Mortgage: The ‘incentive to switch grows’ as rates start to rise but time is running out

Mortgage deals, like many financial products, have been dramatically impacted by coronavirus. Recent analysis from has revealed that current borrowers could see further dramatic turns.

The latest research from the organisation revealed that the current average standard variable rate (SVR) mortgage for July 2020, which those coming to the end of their initial term could now be facing, is 4.46 percent.

This means that for borrowers whose mortgages are maturing could see a rate increase of nearly two percent compared to an initial average two-year fixed rate deal that they may have taken out in July 2018 (which according to moneyfacts, could have been 2.52 percent)

July saw the average two-year fixed rate drop to a historic low of 1.99 percent.

This means that those who are staying with their current SVR could be paying 2.47 percent more in rate terms than if they were to have switched to a new two-year fixed deal at the beginning of the month.

These factors could spur mortgage holders to look into alternative deals but if this is the case, they should act quickly.

Moneyfacts detailed that since the beginning of the month, average rates have begun to rise.

Eleanor Williams, a Finance Expert at, said: “With the average SVR likely to remain more static moving forwards and the mortgage market itself remaining fluid, as lenders continue to amend their ranges in reaction to an ever-evolving landscape, there is no guarantee that rates will not continue to increase.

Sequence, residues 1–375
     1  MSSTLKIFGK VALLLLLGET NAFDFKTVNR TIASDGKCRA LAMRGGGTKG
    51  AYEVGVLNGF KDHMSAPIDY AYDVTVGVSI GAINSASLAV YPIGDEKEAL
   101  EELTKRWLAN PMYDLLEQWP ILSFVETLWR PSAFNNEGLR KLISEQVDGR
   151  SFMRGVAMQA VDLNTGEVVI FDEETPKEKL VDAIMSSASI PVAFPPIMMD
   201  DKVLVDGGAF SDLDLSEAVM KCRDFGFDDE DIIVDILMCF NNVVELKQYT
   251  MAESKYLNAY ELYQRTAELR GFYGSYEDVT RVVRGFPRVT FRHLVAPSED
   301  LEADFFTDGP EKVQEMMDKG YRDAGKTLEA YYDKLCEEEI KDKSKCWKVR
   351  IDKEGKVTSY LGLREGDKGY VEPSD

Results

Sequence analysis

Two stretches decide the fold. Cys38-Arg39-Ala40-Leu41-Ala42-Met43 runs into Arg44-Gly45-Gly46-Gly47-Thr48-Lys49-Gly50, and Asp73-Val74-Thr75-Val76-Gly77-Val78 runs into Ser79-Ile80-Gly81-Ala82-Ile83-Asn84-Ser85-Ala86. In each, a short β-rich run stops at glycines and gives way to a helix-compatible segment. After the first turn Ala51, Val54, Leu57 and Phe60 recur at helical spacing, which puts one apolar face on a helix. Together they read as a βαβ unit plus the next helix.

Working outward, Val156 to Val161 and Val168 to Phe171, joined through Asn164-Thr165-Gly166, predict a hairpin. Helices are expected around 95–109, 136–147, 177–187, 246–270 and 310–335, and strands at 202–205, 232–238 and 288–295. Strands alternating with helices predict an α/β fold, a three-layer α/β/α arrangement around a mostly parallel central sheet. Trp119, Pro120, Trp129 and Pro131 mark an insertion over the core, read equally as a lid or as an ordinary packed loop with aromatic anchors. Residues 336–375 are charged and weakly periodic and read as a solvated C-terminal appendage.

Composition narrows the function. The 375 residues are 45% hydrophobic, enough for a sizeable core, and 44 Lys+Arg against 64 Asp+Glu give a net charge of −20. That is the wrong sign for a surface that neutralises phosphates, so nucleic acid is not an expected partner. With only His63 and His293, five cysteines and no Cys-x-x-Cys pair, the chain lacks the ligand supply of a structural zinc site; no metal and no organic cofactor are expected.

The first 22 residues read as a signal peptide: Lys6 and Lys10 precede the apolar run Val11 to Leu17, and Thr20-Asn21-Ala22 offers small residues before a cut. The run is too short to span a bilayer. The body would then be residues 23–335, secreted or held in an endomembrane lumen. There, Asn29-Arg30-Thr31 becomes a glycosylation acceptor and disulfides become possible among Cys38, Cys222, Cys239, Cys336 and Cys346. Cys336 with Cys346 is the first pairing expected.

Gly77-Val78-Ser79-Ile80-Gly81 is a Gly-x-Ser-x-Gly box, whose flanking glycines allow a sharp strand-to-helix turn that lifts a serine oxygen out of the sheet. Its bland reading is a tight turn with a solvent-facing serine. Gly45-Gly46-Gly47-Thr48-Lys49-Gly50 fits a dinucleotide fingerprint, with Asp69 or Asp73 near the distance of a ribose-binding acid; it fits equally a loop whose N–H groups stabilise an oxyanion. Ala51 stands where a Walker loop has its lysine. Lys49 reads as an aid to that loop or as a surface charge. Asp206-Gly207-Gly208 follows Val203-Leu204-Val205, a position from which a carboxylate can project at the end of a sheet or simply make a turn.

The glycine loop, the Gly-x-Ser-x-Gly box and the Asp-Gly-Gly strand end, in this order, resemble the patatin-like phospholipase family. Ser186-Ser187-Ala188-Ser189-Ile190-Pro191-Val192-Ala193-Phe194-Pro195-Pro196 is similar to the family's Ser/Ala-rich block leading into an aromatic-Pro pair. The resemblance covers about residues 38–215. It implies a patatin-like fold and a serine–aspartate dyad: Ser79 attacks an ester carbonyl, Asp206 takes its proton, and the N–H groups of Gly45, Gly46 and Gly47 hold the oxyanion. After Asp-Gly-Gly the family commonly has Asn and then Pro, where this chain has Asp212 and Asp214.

“However, as there remains an almost 2.50 percent difference between the average SVR and the average two-year fixed rate today, the benefits of switching speak for themselves, as being able to save significantly on monthly outgoings could be more important than ever in these uncertain times.

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“Those who wish to explore whether they are able to reduce their rate, and consequently their monthly mortgage payment, would do well to move swiftly.

“As with any financial commitment, seeking advice from an independent, qualified adviser has never been more relevant, as understanding the true cost of any new deal, taking into account any fees and incentives, and indeed keeping up-to-date on the available products and criteria could be made significantly easier with assistance from a professional.”

Mortgage decisions in general should not be made lightly.

Eleanor detailed that professional advice can be sought but this can often be expensive.

Fortunately, free and impartial guidance can be sought from the likes of the Money Advice Service.

For those who wish to compare their mortgage options, the organisation has a comparison “checklist” which can help people clearly identify their options.

All of the following should be considered before action is taken:

  • Do you want a repayment or interest-only mortgage?
  • Do you want fixed monthly payments?
  • Compare more than just the rate
  • Do you want to add some/all of your mortgage fees into your mortgage?
  • Do you want the flexibility to overpay, underpay or take payment breaks?
  • Do you want to be able to move lenders (remortgage) whenever you want?
  • If interest rates rise, do you want to make sure you won’t pay interest above a certain rate?
  • Do you want to use your savings to help pay off your mortgage sooner?

Mortgage and savings rates are generally affected by the base rate set by the Bank of England.

The base rate has been kept incredibly low for a number of years now and the most recent change lowered it to 0.1 percent, the lowest rate in history.

The next change is due on August 6 2020.

Some fear that the base rate could be moved into negative territory and this could have a dramatic impact on savers and the financial system at large.

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